Now, (PAUSE) when you get to the other section, I know listen, this is a difficult thing to talk about but, we understand this was a horrible, horrible, horrible thing that happened. I mean, nobody could say anything different that's heard this. It's a horrible thing that these kids were murdered. You all looked at that stuff, you looked at the pictures. It was horrible, there's no doubt about that. But at the same time, remember the effect that, that it has on, on the defendants also. Remember the effect that it has on Damien. His father got up there and probably said something that's more difficult than anything he's ever said in his life. And you all heard that. It's having an effect on them also. I suggest to you that that's a mitigating circumstance. Think of the love that others have for, for Damien. Think of the love that he has for others, his son, his newborn son, that he just held for the first time in the backroom the other day. Don't forget these things.
Think about the efforts that he's made to overcome these problems. He didn't get up there and try to hide anything. When he got up there he told you that he'd been on medication. He told you that he'd been to the doctor, um, to get medication. He told you that he, he made efforts to, to help himself. He's made efforts. He knows he needs help. He goes to the doctor. He takes his medication. Consider though, consider the fact that, that he's trying to help himself.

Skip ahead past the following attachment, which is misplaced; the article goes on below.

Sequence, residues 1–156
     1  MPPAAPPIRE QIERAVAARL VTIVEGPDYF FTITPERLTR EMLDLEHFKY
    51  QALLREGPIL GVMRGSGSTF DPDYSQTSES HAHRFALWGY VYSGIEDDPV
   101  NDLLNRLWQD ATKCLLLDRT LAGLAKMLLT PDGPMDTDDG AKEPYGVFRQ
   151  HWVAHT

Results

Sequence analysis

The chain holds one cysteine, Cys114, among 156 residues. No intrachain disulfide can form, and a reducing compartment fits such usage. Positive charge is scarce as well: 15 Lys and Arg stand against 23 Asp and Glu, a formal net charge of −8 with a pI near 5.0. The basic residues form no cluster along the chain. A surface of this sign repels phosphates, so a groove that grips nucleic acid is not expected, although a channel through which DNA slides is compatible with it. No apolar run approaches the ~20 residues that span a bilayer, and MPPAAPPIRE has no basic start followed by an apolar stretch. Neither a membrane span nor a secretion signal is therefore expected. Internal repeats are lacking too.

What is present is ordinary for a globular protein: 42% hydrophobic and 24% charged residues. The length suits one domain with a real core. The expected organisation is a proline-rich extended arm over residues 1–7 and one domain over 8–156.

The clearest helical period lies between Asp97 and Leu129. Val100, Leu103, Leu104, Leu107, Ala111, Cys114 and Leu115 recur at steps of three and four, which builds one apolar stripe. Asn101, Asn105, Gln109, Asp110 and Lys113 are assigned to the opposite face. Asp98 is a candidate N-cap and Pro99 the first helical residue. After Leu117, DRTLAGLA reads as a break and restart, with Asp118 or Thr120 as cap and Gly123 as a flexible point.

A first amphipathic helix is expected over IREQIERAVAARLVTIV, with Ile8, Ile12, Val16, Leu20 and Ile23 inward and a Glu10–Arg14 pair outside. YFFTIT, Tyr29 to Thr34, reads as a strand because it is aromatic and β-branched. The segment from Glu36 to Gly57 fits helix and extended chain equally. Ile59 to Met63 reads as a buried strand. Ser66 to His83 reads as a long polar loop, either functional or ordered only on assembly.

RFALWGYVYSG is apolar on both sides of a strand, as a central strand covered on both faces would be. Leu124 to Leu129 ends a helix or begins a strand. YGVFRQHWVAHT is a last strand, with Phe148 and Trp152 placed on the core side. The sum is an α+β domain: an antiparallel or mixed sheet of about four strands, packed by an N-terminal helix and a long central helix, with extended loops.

I think you can also take into consideration any lingering doubt that you may have about your previous decision. I understand and respect that decision, but the decision you're making here today, it's a final decision. Is someone gonna get up five years from now and say what they told us wasn't right? If we put him to death, no matter what happens, at that point, it's too late. I'm sure you've probably all heard of people that have been put to death and then later they have determined that they didn't do this. If you make that decision here today, if you have any lingering doubt, think of this other box here. If you have anything at all, that you're just not absolutely sure, think of this other one. Because if we don't, today, this is your decision. This is the time, the time for the decision.
Now, in your decision, you have decided that Damien is guilty of these three counts. And you may say to yourself yes, that's what I've decided and yes, he needs to be punished. Well if that's your decision, that is correct, punishment is correct. But think of this. Is it not punishment to be in prison for life in a cell the size of a bathroom or something like that? Is that not punishment? Is that not punishment? Think of -- sure, you had the right to expect justice, and that's what you all have done. And you had the right to expect some sort of punishment and that's what you're to consider, what the punishment is. And you had the right to expect protection of our society. That's certainly true. And you were charged as jurors to follow the law. Each one of those factors can be taken care of by life imprisonment. In that justice can be done, punishment can be afforded, protection of society, and you would follow the law. Don't let anybody tell you that you've got to find for the death penalty. This is your decision, it's not a 'have to' decision. It's your decision here today.